en: 3.3v to ch_pd and REST
cct: voltage divider
baud s0: 9600
D0 rx-> tx ESP8266
D1 tx-> RX ESP8266
Serial mon on Serial0; AT and then "send" => no response
//-----------------------
MCU: uno
comm: serial0 only
code: "Examples->basic->BareMinimum"
en: 3.3v to ch_pd and REST
cct: voltage divider
baud s0: 9600
D0 rx-> tx ESP8266
D1 tx-> RX ESP8266
SSCom32 on Serial0; AT and then "send" => no response
//-----------------------
MCU: uno
comm: serial0 only
code: "serial0 setup with 9600"
en: 3.3v to ch_pd and REST
cct: voltage divider
baud s0: 9600
D0 rx-> tx ESP8266
D1 tx-> RX ESP8266
SSCom32 on Serial0; AT and then "send" => no response
//-----------------------

MCU: uno
comm: serial0 only
code: "serial0 setup with 9600"
en: 3.3v to ch_pd and REST
cct: voltage divider
baud s0: 9600
D0 rx-> tx ESP8266
D1 tx-> RX ESP8266
Serial mon on Serial0; AT and then "send" => no response
//-----------------------

MCU: uno
comm: serial0 only
code: "modified hello word with RGB indicator"
en: 3.3v to ch_pd and REST
cct: voltage divider
baud s0: 9600
D0 rx-> tx ESP8266
D1 tx-> RX ESP8266
Serial mon on Serial0 can't used

//-----------------------
MCU: mega
comm: serial0 only
code: "Examples->basic->BareMinimum"
en: 3.3v to ch_pd and REST
cct: voltage divider
baud s0: 9600
D0 rx-> tx ESP8266
D1 tx-> RX ESP8266
Serial mon on Serial0; AT and then "send" => no response
//--------------------------
MCU: mega
comm: serial0 & serial2 for ESP8266
code: "copy s0<->s2"
en: 3.3v to ch_pd and REST
cct: voltage divider
baud s0: 115200
baud s2: 9600
D0 rx-> tx ESP8266
D1 tx-> RX ESP8266
Serial mon on Serial0; AT and then "send" => OK; AT+RST and then "send" => ready;

========================================================= 

ESP8266 on Arduino Uno with voltage divider circuit using serial0 and RGB led as indicator. Note the broken pin header on the arduino in the diagram.















References

12 comments:

Paweł Klimowicz said...

Hi, I made a combination as below:

pc
via pl2303hx LLC 5/3.3v ESP8226 power source 3.3v
VCC --- VCCH
GND --- GNDH
RXT --- RXTH RXTL --- TXT
TXT --- TXTH TXTL --- RXT
VCCL --- VCC,CH_PD --- VCC
GNDL --- GND --- GND

Terminal set 9600bps, 8n1:

[00][00][00]AT
PUHř[00]AT+RST
ő’MQ5
[00]AT+GMR
5I5
[00]

When I set esp8266.RESET to high nothing happens.

Pawel

George said...

I get the following error:

Arduino: 1.6.4 (Mac OS X), Board: "Arduino Uno"

Build options changed, rebuilding all
sketch_jun05a.ino: In function 'void setup()':
sketch_jun05a:11: error: 'Serial2' was not declared in this scope
sketch_jun05a.ino: In function 'void loop()':
sketch_jun05a:77: error: 'Serial2' was not declared in this scope
sketch_jun05a.ino: In function 'boolean connectWiFi()':
sketch_jun05a:113: error: 'Serial2' was not declared in this scope
'Serial2' was not declared in this scope

This report would have more information with
"Show verbose output during compilation"
enabled in File > Preferences.

SwBratcher said...

@George, that one is likely because you are using an Uno, which doesn't have the multiple serial availability like the Mega does. To test, switch your board type to the Mega (even without the mega board attached) and verify the code. It'll likely pass. That's what I found, anyway.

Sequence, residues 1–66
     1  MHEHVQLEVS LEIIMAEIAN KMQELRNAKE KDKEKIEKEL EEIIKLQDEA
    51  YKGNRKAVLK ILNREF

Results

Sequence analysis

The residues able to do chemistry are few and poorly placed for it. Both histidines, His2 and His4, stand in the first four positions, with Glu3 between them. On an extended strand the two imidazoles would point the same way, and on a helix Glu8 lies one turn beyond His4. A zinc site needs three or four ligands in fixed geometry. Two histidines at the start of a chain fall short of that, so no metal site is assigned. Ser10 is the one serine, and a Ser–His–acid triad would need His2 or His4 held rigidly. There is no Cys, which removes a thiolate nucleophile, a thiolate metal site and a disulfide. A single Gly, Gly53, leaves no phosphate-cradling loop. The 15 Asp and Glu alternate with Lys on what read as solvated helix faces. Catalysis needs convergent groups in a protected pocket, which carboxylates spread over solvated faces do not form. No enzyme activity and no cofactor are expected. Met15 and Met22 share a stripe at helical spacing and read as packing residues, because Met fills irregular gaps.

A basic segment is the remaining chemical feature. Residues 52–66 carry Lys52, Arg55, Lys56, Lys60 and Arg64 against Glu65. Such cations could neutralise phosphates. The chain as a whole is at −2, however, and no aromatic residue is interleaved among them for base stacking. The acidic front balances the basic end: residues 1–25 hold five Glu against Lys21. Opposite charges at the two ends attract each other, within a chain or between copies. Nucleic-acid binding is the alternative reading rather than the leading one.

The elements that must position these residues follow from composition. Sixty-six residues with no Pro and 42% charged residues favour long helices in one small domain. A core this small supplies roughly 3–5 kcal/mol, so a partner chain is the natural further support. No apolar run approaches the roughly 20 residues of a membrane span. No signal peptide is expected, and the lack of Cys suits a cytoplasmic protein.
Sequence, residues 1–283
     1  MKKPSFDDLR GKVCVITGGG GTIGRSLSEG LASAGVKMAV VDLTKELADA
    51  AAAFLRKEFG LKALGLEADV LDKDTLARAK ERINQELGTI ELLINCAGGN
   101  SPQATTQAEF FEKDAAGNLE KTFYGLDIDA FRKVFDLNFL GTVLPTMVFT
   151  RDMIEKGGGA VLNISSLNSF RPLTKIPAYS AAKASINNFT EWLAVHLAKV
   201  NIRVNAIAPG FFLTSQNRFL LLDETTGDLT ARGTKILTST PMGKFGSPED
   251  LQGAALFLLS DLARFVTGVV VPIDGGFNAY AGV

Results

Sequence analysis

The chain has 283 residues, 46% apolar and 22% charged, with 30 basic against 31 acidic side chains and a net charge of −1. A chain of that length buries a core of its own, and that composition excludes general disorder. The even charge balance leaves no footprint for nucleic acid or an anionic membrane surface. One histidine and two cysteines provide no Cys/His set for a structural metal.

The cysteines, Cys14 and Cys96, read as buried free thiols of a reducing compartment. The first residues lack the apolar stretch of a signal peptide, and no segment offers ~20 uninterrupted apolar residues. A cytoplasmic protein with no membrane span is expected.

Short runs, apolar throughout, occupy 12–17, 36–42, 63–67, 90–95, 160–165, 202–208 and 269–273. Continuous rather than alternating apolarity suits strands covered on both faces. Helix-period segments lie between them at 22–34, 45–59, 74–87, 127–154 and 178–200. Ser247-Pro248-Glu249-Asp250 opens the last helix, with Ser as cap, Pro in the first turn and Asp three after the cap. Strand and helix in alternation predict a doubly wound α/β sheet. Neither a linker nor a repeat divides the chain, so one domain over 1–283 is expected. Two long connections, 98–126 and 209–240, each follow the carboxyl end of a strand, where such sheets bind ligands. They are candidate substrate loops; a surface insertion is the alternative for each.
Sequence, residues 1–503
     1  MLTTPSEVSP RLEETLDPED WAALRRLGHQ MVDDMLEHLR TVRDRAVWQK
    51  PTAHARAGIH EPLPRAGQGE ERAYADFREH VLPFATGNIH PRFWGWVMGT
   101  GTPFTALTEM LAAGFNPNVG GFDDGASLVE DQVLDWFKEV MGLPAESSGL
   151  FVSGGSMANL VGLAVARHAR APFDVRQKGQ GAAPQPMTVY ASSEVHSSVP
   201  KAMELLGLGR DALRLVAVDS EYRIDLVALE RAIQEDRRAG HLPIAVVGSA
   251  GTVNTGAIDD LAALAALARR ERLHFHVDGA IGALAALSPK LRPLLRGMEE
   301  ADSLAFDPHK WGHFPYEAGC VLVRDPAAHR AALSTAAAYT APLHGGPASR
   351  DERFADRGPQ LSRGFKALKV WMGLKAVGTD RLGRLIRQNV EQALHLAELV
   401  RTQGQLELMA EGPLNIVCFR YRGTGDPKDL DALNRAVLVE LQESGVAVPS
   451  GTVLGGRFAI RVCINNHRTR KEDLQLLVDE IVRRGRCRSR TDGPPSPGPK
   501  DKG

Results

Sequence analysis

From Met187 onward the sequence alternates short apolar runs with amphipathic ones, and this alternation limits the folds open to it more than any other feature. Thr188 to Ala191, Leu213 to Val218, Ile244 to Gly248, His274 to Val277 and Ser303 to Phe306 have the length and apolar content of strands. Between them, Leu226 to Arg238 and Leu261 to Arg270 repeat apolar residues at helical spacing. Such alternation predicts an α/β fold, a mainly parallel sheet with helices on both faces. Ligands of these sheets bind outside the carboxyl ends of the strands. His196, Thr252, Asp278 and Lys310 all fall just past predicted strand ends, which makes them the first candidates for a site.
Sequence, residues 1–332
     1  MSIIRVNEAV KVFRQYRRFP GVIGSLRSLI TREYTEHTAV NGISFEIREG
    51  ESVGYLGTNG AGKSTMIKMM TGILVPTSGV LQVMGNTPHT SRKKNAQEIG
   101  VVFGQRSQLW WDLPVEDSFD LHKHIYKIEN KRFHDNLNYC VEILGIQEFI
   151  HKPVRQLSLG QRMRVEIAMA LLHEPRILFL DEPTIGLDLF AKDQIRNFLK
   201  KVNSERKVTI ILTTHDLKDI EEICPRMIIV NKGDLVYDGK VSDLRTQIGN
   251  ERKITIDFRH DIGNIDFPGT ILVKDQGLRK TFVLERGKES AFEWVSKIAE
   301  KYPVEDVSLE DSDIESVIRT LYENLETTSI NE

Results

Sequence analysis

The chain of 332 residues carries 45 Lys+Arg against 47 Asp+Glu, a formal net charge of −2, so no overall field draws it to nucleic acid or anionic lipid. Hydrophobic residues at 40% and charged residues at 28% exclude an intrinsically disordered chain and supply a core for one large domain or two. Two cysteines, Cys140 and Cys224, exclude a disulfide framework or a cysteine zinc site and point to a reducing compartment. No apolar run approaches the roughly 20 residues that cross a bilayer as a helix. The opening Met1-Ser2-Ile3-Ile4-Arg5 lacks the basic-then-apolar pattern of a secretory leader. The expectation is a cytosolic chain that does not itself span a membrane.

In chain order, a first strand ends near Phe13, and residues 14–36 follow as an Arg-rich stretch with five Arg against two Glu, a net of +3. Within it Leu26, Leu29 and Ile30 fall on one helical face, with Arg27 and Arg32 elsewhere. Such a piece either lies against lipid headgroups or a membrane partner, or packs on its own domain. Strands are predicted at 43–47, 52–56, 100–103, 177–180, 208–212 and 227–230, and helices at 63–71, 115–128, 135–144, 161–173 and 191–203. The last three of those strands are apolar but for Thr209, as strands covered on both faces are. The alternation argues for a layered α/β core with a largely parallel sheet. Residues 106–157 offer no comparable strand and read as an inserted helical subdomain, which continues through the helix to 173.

For others who had difficulty seeing the wire map from the photo, here's what I got working successfully mocked up in a Fritzing image. Thanks for a kickass post, Shin. (I'll email you the file, Shin, as I cannot seem to upload here.)

sjteo said...

@scott, thanks for the image. Here is the URL to it https://www.dropbox.com/s/m8ksdp4ntigg7ee/ESP8266_HelloWorld_working%20Scott%20Bratcher.jpg?dl=0

kukudala chandra shekar said...

this is chandrashekar, i want make wifi project.
i am using esp8266 and arduino duemilanove.
when i am connecting board showing serialport but suddenly disappeared when uploading program, why?
please give me the solution.

bintang said...

what's esp8266 firmware you use?

venkat ambati said...

@sjteo

I bought Arduino UNO and logic level shifter and ESP8266

I need help how to connect these on a breadboard.

I could not understand how to connect these using the pictures here : http://shin-ajaran.blogspot.com/2014/12/noobs-guide-to-esp8266-with-arduino.html

and these instructions:

MEGA ------sparkfun logic shifter -------ESP 8266
5V HV
3.3V LV
3.3V VCC, CH_PD,RESET
GND GND (both HV and LV) GND
TX(#16) HV chn0 RX---LV chn0 RX RX
RX (#17) HV chn0 TX---LV chn0 TX TX

especially
3.3V VCC, CH_PD,RESET

since there is only one 3.3V on the Arduino UNO.

I am new to this and I am attaching my devices. if you can please take a clear picture of how to connect these 3, I really appropriate it.


Thank you
Venkat

venkat ambati said...

https://www.dropbox.com/s/qyqwlhwm1lyfbka/IMG_4938.JPG?dl=0

Yo Lahola said...

Wonderfull work ! Thanks a lot ! So many hours saved ;-)

Unknown said...
This comment has been removed by the author.
amit priye said...

@pawel
If you have rectified you problem tell me how you have done this

Olugbemiro Olumide said...

Hello please could you please provide links to the missing images. Having issues with connecting the parts together. Thanks